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Mother has just been put on prednisone for her rheumatoid arthritis. It's a trial basis to see how she does. The pharmacist gave her a sheet of possible "adverse effects" of this medication. One of the items on the list is osteonecrosis of the hip or shoulder. My uncle had this (her brother) and ended up with a hip replacement because of it. That's the last thing Mother needs right now. What are her real chances of developing osteonecrosis from taking this drug?Understanding the problem may help you evaluate your mother's situation more realistically in order to determine risk of developing osteonecrosis from taking a corticosteroid like prednisone. First, osteonecrosis of the femoral head
refers to death of the round ball of bone at the top of the femur that fits into the hip socket. Another term used for osteonecrosis is avascular or ischemic necrosis
. Avascular and ischemic both mean a loss of blood supply to the area is the cause of the problem.
What turns off the flow of blood to that area? That's the real cause or etiology
. The is more than a dozen potential causes or etiological factors
. From a broad perspective, the etiology of femoral osteonecrosis is the result of genetics, risk factors, and specific events. This is considered a multifactorial etiology.
Let's take a closer look at some of the more common causes and risk factors first. Number one is trauma: a hip fracture or hip dislocation with damage to the blood vessels supplying the femoral head is the most commonly reported cause. Most of the time, older adults are the prime group at risk.
Number two is the use of corticosteroids
-- medications such as prednisone used to reduce inflammation and the immune system. Adults with arthritis, anyone who has had an organ transplantation, and cancer patients in treatment are just a few of the types of people taking corticosteroids. Usually long-term use of corticosteroids is the trigger but there have been reports of patients developing osteonecrosis within a month of starting these drugs.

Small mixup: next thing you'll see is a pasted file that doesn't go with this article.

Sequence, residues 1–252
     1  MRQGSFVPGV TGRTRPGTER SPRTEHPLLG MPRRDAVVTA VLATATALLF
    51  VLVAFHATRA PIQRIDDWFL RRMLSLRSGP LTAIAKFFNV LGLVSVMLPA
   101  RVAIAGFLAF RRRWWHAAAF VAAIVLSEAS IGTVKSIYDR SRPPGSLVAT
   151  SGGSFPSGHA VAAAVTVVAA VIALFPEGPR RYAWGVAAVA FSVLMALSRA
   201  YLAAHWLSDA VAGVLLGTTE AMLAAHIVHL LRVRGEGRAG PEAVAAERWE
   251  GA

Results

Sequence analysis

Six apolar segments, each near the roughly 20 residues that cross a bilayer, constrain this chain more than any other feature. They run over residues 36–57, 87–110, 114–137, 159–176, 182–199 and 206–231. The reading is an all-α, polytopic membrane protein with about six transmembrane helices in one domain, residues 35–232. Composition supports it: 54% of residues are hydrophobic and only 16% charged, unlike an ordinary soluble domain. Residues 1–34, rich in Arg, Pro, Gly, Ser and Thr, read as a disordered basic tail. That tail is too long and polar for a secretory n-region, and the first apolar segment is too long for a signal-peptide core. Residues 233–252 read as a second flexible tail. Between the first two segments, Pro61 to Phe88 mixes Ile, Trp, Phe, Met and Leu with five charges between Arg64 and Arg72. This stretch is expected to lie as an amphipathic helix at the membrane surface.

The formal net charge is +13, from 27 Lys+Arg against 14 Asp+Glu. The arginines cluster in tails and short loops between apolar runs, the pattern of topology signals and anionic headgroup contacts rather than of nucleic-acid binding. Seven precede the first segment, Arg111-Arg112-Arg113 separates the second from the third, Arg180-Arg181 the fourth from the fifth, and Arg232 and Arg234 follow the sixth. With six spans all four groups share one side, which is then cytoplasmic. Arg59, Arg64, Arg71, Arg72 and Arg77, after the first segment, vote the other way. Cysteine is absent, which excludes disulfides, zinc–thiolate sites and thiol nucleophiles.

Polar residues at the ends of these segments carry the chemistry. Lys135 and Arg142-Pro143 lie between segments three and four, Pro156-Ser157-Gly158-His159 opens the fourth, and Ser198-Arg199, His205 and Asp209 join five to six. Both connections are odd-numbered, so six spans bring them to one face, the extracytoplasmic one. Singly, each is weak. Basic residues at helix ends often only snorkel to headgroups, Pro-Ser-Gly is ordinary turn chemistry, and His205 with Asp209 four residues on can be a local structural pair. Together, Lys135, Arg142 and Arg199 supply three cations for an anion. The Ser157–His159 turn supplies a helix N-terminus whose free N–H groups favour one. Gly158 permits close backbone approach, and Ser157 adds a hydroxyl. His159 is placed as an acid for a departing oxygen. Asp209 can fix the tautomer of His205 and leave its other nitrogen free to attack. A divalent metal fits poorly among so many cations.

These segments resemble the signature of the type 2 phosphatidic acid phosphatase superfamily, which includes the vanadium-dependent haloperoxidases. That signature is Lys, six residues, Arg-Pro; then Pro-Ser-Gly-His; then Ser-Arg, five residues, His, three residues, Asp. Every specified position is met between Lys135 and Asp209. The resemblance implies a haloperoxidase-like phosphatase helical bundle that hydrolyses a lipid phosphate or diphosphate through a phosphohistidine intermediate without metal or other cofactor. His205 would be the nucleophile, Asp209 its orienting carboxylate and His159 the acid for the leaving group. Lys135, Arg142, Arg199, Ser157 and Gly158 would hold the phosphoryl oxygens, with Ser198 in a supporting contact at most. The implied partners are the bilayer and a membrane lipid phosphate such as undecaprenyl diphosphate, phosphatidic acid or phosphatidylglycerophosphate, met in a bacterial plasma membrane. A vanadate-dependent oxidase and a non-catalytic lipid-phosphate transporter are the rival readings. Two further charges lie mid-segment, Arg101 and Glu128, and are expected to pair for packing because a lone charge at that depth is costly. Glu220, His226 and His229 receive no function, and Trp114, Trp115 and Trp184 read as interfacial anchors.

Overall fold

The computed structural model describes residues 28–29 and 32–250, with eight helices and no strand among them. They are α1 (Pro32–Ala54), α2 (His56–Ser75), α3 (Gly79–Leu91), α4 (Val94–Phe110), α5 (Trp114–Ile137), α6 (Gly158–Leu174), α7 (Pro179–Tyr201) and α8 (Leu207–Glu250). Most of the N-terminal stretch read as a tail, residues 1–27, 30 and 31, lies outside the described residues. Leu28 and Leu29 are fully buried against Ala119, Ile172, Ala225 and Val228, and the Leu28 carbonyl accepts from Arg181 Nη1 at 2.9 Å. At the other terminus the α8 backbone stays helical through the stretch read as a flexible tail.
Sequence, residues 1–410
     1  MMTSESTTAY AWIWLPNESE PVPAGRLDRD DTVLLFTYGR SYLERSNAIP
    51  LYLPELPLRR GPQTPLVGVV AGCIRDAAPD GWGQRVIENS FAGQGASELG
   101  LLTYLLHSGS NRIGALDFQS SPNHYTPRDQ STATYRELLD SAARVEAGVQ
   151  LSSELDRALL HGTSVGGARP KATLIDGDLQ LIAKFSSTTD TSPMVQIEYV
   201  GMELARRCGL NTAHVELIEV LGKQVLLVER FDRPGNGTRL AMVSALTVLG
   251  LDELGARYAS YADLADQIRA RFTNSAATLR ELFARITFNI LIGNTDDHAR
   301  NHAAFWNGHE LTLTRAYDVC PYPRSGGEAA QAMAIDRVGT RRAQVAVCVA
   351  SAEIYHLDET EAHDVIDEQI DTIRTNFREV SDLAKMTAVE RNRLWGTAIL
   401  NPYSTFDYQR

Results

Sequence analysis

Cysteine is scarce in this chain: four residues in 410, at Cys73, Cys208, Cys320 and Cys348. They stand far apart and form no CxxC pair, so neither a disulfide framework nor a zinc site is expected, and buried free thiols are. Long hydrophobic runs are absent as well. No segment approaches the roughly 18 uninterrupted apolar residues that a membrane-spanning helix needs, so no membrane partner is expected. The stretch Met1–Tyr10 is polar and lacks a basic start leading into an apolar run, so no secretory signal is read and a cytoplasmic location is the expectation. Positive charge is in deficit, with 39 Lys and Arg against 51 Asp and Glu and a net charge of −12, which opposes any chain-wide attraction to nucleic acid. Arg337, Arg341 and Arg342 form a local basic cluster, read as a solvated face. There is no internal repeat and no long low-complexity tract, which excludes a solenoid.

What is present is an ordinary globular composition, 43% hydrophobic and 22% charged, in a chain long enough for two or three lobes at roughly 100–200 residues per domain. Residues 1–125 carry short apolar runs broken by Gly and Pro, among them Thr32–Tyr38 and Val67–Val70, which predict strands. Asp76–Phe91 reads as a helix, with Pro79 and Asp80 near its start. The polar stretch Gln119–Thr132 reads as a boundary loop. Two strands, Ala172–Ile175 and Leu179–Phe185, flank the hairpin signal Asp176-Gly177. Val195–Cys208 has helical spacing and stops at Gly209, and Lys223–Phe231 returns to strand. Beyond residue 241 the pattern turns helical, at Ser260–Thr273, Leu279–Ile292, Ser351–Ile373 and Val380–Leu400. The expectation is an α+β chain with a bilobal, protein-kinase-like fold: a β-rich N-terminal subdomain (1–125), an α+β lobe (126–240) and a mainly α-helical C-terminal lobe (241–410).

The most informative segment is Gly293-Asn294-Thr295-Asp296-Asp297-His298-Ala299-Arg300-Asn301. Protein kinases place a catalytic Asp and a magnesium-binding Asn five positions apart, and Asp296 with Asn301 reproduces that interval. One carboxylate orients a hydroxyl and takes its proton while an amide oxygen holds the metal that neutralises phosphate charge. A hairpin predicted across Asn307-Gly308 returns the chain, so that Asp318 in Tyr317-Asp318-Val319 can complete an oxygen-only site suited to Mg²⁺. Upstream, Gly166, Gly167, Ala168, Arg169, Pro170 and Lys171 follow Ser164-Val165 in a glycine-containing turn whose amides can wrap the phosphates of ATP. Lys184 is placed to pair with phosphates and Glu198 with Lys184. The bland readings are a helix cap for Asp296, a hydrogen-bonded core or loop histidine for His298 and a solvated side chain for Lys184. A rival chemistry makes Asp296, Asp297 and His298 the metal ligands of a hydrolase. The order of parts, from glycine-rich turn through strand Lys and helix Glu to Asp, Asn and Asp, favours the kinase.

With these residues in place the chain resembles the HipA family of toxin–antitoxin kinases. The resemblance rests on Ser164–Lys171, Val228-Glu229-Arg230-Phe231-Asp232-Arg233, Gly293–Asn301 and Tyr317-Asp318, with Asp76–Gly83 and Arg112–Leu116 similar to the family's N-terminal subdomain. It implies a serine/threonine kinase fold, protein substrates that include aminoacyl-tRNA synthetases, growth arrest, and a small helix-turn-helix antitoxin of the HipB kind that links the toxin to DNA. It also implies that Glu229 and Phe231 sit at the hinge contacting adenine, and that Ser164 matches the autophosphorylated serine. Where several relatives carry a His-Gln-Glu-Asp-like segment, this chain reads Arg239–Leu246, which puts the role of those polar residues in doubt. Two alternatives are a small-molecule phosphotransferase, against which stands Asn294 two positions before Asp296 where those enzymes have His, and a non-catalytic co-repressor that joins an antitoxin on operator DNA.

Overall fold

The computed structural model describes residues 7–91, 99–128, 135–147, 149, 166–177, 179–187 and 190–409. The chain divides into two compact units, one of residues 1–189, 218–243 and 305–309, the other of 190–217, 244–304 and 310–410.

Number three: lifestyle factors. Smoking and alcohol abuse compound the problem and increase the risk of femoral head osteonecrosis. Even occasional drinking (once a week) increases the risk of developing avascular femoral necrosis. But the odds are much higher for those who drink daily and especially if they drink more than one alcoholic beverage in a 24-hour period.
The more risk factors there are, the greater the chances for developing an adverse effect from taking prednisone such as osteonecrosis. Could this happen with just a month's trial of the medication? Yes, studies show that osteonecrosis can develop within that first month of taking the medication. Most cases develop during the first year of drug use.
The best thing to do may be to sit down with your mother and her prescribing physician and review her risk factors and weigh the benefits versus drawbacks of the present plan-of-care. There may be nothing to worry about but taking a closer look can't hurt either.George C. Babis, MD, PhD, et al. Osteonecrosis of the Femoral Head. In Orthopedics
. January 2011. Vol. 34. No. 1. Pp. 39-48.
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